To gain insight into the molecular basis of SIOD, we purified two mutant versions of HARP that are associated with the disease (fig. S10). The R764Q mutation causes a severe form of SIOD, and the R586W mutation results in a milder form of SIOD (5). Both of these mutations are in the conserved ATPase region of HARP. As seen with wild-type HARP (Fig. 1A), both mutant proteins bind selectively to fork DNA relative to single- or double-stranded DNA (Fig. 3A,B). In addition, the wild-type and mutant HARP proteins bind with nearly the same affinity to fork DNA (fig. S11). However, in ATPase assays, the R586W HARP protein exhibits partial activity, whereas the R764Q HARP protein has no detectable activity (Fig. 3C,D).

Fig. 3
Mutant HARP proteins bind selectively to fork DNA, but exhibit less ATPase activity than wild-type HARP. The R764Q mutation results in a stronger SIOD phenotype than the R586W mutation (5). (A, B) The mutant HARP proteins bind with higher affinity to ...

In the annealing helicase assay, R586W HARP exhibits less activity than wild-type HARP, whereas R764Q HARP has no detectable activity (Fig. 4). Therefore, the two SIOD-associated mutations have little or no effect on DNA-binding by HARP; instead, the mutations reduce the ATPase and annealing helicase activities of HARP in a manner that correlates with the severity of the disease with which they occur. In addition, the studies of the mutant HARP proteins further reveal that the DNA-binding activity of HARP is not sufficient for annealing helicase activity, because R764Q HARP is fully active for selective binding to fork DNA (Fig. 3B and fig. S11) yet is deficient in annealing helicase activity (Fig. 4).

Fig. 4
Mutant HARP proteins are defective in annealing helicase activity. The R586W HARP protein has less annealing helicase activity than wild-type HARP, whereas the R764Q HARP protein has no detectable annealing helicase activity. Annealing helicase assays ...

HARP is an ATP-driven molecular zipper of complementary RPA-bound single-stranded DNA (fig. S4). Whereas many helicases convert double-stranded DNA into RPA-bound unwound DNA, HARP performs the opposite reaction. The annealing helicase activity of HARP is also distinct from fork regression activity (see, for example, 1820), which involves the dissociation and annealing of four strands of DNA without any involvement of RPA (fig. S12).

The biological importance of HARP is revealed by its causal role in SIOD. The defects in the ATPase and annealing helicase activities of two SIOD mutant proteins correlate with the severity of disease. It is thus likely that SIOD is caused by a deficiency in annealing helicase activity. Moreover, SIOD patients exhibit a diverse range of symptoms. The pleiotropic nature of HARP mutations is consistent with the ubiquitous expression of HARP in mammalian tissues (4,21) and the molecular function of HARP as an annealing helicase that acts throughout the genome to reanneal stably unwound DNA. There are many enzymes, such as helicases and polymerases, that unwind DNA. In addition, single-stranded DNA bubbles could arise spontaneously, such as in A/T-rich sequences. Hence, there is considerable potential for the incomplete reannealing of DNA and formation of stable, RPA-bound DNA bubbles, which could be deleterious to the transcription of genes or may interfere with replication or repair processes. In this manner, HARP would be able to promote the proper functioning of the cell by catalyzing the rewinding of the stably unwound DNA. More generally, HARP would serve as an opposing force to the numerous DNA-unwinding activities in the nucleus.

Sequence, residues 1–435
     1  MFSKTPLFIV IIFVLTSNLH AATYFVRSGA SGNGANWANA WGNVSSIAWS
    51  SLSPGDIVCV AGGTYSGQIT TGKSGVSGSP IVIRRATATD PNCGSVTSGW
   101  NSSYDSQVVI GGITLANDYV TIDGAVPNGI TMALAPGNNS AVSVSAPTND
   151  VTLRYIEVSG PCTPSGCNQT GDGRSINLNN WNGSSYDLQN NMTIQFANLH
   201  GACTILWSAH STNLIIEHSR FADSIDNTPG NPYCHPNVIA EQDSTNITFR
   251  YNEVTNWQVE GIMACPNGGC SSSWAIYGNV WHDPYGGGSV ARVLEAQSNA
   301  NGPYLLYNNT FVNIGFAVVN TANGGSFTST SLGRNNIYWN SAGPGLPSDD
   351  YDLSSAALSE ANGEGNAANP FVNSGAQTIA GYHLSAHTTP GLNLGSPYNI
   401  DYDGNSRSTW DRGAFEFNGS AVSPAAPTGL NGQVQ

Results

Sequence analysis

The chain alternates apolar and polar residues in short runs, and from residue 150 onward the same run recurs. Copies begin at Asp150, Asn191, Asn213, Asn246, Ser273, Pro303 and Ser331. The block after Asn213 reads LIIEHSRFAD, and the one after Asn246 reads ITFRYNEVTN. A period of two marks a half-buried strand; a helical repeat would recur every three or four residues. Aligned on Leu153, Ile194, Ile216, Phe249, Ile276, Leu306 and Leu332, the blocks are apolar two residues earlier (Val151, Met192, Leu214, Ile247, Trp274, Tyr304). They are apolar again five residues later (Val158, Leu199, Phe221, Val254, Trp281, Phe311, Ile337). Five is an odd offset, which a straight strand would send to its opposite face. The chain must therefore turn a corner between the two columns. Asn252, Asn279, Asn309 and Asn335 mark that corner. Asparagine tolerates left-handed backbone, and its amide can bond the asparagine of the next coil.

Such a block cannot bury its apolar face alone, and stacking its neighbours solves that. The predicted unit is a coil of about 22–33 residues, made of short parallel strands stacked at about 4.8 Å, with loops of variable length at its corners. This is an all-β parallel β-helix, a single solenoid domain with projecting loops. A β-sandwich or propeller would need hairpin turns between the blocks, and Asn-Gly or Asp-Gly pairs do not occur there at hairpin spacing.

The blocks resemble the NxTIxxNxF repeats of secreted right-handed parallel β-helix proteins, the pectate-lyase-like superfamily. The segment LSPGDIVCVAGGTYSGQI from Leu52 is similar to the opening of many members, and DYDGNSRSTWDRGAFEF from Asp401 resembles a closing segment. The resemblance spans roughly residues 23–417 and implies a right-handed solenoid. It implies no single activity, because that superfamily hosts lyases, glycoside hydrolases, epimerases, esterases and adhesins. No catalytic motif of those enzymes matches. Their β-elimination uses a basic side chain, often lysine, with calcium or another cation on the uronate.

Supplementary Material

References and Notes

1. Gorbalenya AE, Koonin EV. Curr Opin Struct Biol. 1993;3:419.
2. Eisen JA, Sweder KS, Hanawalt PC. Nucl Acids Res. 1995;23:2715. [PMC free article] [PubMed]
3. Flaus A, Martin DM, Barton GJ, Owen-Hughes T. Nucl Acids Res. 2006;34:2887. [PMC free article] [PubMed]
4. Coleman MA, Eisen JA, Mohrenweiser HW. Genomics. 2000;65:274. [PubMed]
5. Boerkoel CF, et al. Nat Genet. 2002;30:215. [PubMed]
6. The kcat values (mean +/− SD; N = 4) for HARP ATPase activity with fork DNA and double-stranded DNA are approximately 1200 +/− 270 min−1 and 81 +/− 29 min−1, respectively. ATPase activity was not detectable in the absence of DNA or in the presence of single-stranded DNA.
7. Muthuswami R, Truman PA, Mesner LD, Hockensmith JW. J Biol Chem. 2000;275:7648. [PubMed]
8. Hockensmith JW, Wahl AF, Kowalski S, Bambara RA. Biochemistry. 1986;25:7812. [PubMed]
9. Wu L, Hickson ID. Annu Rev Genet. 2006;40:279. [PubMed]
10. Georgaki A, Strack B, Podust V, Hübscher U. FEBS Lett. 1992;308:240. [PubMed]
11. Treuner K, Ramsperger U, Knippers R. J Mol Biol. 1996;259:104. [PubMed]
12. Lao Y, Lee CG, Wold MS. Biochemistry. 1999;38:3974. [PubMed]
13. Auble DT, Wang D, Post KW, Hahn S. Mol Cell Biol. 1997;17:4842. [PMC free article] [PubMed]
14. Chicca JJ, 2nd, Auble DT, Pugh BF. Mol Cell Biol. 1998;18:1701. [PMC free article] [PubMed]
15. Saha A, Wittmeyer J, Cairns BR. Genes Dev. 2002;16:2120. [PubMed]
16. Jaskelioff M, Van Komen S, Krebs JE, Sung P, Peterson CL. J Biol Chem. 2003;278:9212. [PubMed]
17. Amitani I, Baskin RJ, Kowalczykowski SC. Mol Cell. 2006;23:143. [PubMed]
18. McGlynn P, Lloyd RG. Cell. 2000;101:35. [PubMed]
19. Ralf C, Hickson ID, Wu L. J Biol Chem. 2006;281:22839. [PubMed]
20. Blastyák A, et al. Mol Cell. 2007;28:167. [PMC free article] [PubMed]
21. Elizondo LI, et al. Am J Med Genet. 2006;140A:340. [PubMed]
22. We thank Barbara Rattner, Jer-Yuan Arthur Hsu, Tammy Juven-Gershon, Debra Urwin, and Joshua Theisen for critical reading of the manuscript. We thank Matthew Coleman (Lawrence Livermore National Laboratories) for the gift of HARP cDNAs in the early stages of this study; Marc Wold (University of Iowa) for the human RPA expression vector; Bradley Cairns for the triple-helix plasmid; and Robert Kingston (Harvard Medical School) for the BRG1 expression vector. We also thank Martin Gellert for a helpful discussion on this work prior to publication. This work was supported by a grant from the NIH (GM058272) to J. T.K. T.Y. was supported in part by an NRSA fellowship from the NIH (F32 GM76936).